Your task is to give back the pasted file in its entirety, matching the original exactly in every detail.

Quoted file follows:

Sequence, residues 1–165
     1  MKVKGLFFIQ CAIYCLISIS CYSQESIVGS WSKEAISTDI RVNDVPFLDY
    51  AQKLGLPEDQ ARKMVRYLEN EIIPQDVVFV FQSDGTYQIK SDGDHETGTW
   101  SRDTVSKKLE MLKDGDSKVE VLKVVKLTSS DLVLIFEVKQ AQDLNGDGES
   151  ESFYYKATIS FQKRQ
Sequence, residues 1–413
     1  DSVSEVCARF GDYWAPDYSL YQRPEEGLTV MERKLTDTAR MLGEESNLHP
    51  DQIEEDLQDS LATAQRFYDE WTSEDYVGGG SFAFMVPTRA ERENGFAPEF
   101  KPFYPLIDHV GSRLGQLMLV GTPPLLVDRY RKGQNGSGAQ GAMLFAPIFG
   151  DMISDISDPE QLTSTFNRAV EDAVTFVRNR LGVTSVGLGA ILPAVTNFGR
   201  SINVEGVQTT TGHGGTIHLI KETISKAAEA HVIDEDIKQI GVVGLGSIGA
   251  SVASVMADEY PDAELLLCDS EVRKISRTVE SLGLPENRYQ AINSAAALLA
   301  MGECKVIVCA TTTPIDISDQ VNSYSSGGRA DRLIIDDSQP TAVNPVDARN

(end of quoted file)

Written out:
Sequence, residues 1–165
     1  MKVKGLFFIQ CAIYCLISIS CYSQESIVGS WSKEAISTDI RVNDVPFLDY
    51  AQKLGLPEDQ ARKMVRYLEN EIIPQDVVFV FQSDGTYQIK SDGDHETGTW
   101  SRDTVSKKLE MLKDGDSKVE VLKVVKLTSS DLVLIFEVKQ AQDLNGDGES
   151  ESFYYKATIS FQKRQ
Sequence, residues 1–413
     1  DSVSEVCARF GDYWAPDYSL YQRPEEGLTV MERKLTDTAR MLGEESNLHP
    51  DQIEEDLQDS LATAQRFYDE WTSEDYVGGG SFAFMVPTRA ERENGFAPEF
   101  KPFYPLIDHV GSRLGQLMLV GTPPLLVDRY RKGQNGSGAQ GAMLFAPIFG
   151  DMISDISDPE QLTSTFNRAV EDAVTFVRNR LGVTSVGLGA ILPAVTNFGR
   201  SINVEGVQTT TGHGGTIHLI KETISKAAEA HVIDEDIKQI GVVGLGSIGA
   251  SVASVMADEY PDAELLLCDS EVRKISRTVE SLGLPENRYQ AINSAAALLA
   301  MGECKVIVCA TTTPIDISDQ VNSYSSGGRA DRLIIDDSQP TAVNPVDARN